Half of Spain’s major cities could end up with left-wing governments after last Sunday’s municipal and regional elections, in which the conservative Popular Party (PP) lost many of its absolute majorities.
Of the 52 provincial capitals, only Soria (population 40,142) has one dominant party in the city council, and that is not the PP but the Socialists (PSOE).
The conservatives have lost the 30 absolute majorities they earned in 2011, when the Socialists were dealt a crushing defeat at the polls for their perceived mismanagement of the economic crisis.
The arithmetic of the election outcome means leftist coalitions could take around 30 municipalities from the Popular Party
But this time around, and despite a slight economic recovery, the emergence of new political groups has created a fragmented political scenario in which nobody can claim complete control of city councils or regional assemblies.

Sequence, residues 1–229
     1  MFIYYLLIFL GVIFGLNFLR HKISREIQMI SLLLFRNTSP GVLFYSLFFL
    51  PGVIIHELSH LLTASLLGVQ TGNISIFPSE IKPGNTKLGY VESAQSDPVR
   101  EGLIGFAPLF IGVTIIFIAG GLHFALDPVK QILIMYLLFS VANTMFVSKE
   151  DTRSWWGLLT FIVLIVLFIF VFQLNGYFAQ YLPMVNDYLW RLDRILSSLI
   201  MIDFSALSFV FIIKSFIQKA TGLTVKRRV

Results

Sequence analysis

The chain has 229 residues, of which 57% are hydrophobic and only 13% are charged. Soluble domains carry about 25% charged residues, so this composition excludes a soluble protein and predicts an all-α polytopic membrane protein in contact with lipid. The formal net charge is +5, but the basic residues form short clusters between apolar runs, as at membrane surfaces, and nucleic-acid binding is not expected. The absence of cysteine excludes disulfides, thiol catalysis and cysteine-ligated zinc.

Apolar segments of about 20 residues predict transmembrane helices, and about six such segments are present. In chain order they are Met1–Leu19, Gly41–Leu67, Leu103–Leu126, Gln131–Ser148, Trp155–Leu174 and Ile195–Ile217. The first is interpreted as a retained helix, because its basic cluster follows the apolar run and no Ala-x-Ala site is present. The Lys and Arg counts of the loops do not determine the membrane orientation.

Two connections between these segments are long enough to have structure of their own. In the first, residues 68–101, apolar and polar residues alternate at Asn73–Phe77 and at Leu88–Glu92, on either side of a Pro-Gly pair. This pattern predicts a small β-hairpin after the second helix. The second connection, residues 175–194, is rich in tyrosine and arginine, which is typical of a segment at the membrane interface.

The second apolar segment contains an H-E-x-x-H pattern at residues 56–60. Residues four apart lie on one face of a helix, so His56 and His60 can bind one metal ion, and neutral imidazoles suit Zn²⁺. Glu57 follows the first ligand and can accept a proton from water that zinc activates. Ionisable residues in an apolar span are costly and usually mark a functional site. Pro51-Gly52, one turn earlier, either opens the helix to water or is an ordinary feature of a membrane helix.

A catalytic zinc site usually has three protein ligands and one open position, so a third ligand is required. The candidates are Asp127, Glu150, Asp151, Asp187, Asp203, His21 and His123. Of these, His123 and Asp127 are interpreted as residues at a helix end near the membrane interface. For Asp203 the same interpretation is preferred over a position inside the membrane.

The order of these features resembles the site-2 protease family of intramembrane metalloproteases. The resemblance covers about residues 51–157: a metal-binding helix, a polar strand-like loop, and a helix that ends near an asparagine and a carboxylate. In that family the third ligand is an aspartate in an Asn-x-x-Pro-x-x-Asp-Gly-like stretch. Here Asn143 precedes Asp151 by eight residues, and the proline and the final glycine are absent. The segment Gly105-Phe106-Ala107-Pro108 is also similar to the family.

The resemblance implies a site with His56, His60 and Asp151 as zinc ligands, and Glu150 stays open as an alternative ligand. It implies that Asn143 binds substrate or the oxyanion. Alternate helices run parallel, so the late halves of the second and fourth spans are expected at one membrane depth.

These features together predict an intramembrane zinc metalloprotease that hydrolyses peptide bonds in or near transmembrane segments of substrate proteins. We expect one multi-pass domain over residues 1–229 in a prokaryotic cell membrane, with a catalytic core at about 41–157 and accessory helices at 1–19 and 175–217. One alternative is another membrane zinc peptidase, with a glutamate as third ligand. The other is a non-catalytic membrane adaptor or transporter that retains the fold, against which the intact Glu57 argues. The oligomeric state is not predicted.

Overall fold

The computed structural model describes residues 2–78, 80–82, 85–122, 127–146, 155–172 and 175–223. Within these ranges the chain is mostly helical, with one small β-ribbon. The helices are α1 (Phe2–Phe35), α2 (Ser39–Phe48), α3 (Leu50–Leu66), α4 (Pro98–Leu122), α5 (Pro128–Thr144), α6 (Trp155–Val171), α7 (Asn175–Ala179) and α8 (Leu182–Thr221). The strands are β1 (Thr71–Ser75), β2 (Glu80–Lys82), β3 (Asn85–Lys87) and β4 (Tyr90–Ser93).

Faced with the need for alliances, leftist forces are reaching deals to ensure one of their own sits in city halls even in municipalities where the PP was the most-voted force.
This kind of coalition could give the left control over at least 27 provincial capitals. It has already happened in Valladolid, where a three-way deal has prevented PP incumbent León de la Riva from being reinstated, and given the key to City Hall to the Socialist Óscar Puente.
The PP secured the most votes in 37 municipalities, while the Socialists were the most-voted force in six cities, with another six going to regional parties in parts of Spain with strong nationalist sentiment, such as the Basque Country and Catalonia. Blocs backed by anti-austerity party Podemos earned the most voter support in two capitals, Barcelona and A Coruña.
The arithmetic of the election outcome mean that leftist coalitions – the Socialists, United Left and the Podemos-backed blocs – could take around 30 municipalities away from the PP. And that is without counting the possibility of added support from Ciudadanos, a new party that made a strong showing on Sunday and could play the role of kingmaker in several councils and assemblies.
Its leader, Albert Rivera, has stated that he is ready to reach deals with any party – except for regional nationalists – as long as it is the most-voted force and accepts his own anti-corruption conditions.
With investiture sessions scheduled for June 13, all parties are now scrambling to reach the kind of deals that will afford them the greatest possible power.